Smoking, Vaping, or Chewing – What Do They Have in Common?
Nicotine is the chemical found in tobacco products that is responsible for addiction. When tobacco products are used, nicotine is quickly absorbed into the body and goes directly to the brain. Nicotine activates areas of the brain that make in individual feel happy and satisfied, making the substance highly addictive and dangerous – especially to a teen’s developing brain.
The Dangers of Nicotine in Teenagers
Nicotine addiction is dangerous because it increases the risk that a person can be a lifelong tobacco user. Long-term exposure to the harmful chemicals in tobacco products leads to many chronic health problems, including heart disease, lung disease, and numerous cancers.
Teens are more vulnerable to nicotine’s addictive effects because their brains continue to develop until the age of 25. Nicotine changes their brain in the parts responsible for attention, learning, and memory, worsening concentration, learning and impulse control. Nicotine-induced changes to the brain while it is still developing can not only lead to permanent effects on one’s ability to make decisions, but also increase one’s risk of becoming addicted to other substances.
Tobacco is a plant grown for its leaves, which are dried and used to create tobacco products. While nicotine is what addicts people to using tobacco products, it is not what makes tobacco use so harmful. Tobacco and tobacco smoke contain thousands of chemicals- including tar, carbon monoxide, lead, and arsenic- that cause serious harm to the body. Tobacco smoke also harms non-smokers as they are exposed to smoke in public and social settings. Secondhand exposure to tobacco smoke carries all the same risks as firsthand smoke. Anytime you can smell tobacco smoke you are being exposed to all the same chemicals as the smoker.
Tobacco use is the leading preventable cause of disease, disability, and death in the United States.
Cigarettes cause more than 480,000 premature deaths in the United States each year – from smoking or exposure to secondhand smoke (Centers for Disease Control and Prevention). This represents about 1,300 deaths every day. In addition, for every one person who dies from smoking, 30 more suffer from at least one serious tobacco-related illness.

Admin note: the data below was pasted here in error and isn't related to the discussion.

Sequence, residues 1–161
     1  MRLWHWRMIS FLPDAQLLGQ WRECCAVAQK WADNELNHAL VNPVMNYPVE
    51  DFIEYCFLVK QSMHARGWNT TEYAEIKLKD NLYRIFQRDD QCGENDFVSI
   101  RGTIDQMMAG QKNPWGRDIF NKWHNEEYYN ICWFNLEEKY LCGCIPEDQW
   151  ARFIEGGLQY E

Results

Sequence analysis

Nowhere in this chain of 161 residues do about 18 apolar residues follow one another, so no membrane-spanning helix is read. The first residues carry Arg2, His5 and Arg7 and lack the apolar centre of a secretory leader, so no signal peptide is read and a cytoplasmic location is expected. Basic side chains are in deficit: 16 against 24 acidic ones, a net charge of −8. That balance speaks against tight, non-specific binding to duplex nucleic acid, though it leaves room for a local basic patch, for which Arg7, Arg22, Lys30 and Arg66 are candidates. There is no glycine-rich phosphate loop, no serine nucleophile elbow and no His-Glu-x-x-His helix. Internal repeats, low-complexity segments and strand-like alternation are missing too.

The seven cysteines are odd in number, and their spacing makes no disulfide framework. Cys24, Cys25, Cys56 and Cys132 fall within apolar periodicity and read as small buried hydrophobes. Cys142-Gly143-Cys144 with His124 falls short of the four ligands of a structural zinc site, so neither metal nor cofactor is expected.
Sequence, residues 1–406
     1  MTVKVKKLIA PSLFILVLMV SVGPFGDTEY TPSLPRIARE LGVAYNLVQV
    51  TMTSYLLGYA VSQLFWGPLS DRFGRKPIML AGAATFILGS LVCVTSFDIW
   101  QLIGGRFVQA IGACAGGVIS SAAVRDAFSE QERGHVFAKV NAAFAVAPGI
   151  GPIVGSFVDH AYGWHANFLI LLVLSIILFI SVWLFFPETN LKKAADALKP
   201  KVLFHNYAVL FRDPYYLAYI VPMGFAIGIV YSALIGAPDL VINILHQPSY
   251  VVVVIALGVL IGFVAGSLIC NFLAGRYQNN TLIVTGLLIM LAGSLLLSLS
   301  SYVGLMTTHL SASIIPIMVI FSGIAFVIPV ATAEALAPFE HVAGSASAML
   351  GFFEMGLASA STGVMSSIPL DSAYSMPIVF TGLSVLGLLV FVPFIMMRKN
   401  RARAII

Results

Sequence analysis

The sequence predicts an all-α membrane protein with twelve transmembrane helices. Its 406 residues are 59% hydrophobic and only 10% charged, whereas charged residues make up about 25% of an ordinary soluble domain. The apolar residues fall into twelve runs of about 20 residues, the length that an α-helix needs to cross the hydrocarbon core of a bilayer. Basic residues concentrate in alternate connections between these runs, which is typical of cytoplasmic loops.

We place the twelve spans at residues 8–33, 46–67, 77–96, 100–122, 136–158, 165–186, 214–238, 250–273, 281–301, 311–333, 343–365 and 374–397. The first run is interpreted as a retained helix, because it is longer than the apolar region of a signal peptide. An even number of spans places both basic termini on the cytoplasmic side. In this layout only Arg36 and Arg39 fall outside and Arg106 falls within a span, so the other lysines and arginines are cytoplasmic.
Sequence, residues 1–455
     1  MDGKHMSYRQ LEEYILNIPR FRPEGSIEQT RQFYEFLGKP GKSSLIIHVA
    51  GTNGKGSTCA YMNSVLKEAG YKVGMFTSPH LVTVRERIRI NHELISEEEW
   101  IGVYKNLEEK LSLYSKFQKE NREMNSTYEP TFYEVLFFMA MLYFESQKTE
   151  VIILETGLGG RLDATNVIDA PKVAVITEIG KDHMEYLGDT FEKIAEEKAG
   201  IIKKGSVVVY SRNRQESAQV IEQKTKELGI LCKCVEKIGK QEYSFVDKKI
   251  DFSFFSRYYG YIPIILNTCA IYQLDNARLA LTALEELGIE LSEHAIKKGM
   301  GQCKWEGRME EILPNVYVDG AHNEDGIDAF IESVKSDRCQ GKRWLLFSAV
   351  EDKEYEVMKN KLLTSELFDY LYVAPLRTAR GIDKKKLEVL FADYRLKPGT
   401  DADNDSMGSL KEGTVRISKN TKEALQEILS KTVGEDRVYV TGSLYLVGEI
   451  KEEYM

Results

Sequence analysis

These are labeled as regular, light, or menthol, but no evidence exists that light or menthol cigarettes are safer than regular cigarettes.
Cigars are often much larger than cigarettes, containing anywhere from 3 to 14 times the amount of tobacco. Also, cigars are wrapped in a tobacco leaf (whereas cigarettes are wrapped in a non-tobacco paper) which adds to the amount of tobacco being consumed.
Hookahs or water pipes
Hookah tobacco comes in many flavors, and the pipe is typically passed around in groups. A typical hookah session delivers approximately 125 times the smoke, 25 times the tar, 2.5 times the nicotine, and 10 times the carbon monoxide as smoking a cigarette.
It is typically placed between the cheek and gums.
Ground tobacco that can be sniffed if dried or placed between the cheek and gums.
Moist snuff that is used like chewing tobacco.
A small pouch of moist snuff.
Dissolvable products: These include lozenges, orbs, sticks, and strips.
Also called e-cigarettes, electronic nicotine delivery systems, vaping devices, e-cigs, or JUULing
Vaping products are battery-operated devices that deliver nicotine and flavorings without burning tobacco.
In most products, puffing activates the battery-powered heating device, which vaporizes the liquid in the cartridge. The resulting vapor is then inhaled (called “vaping”).
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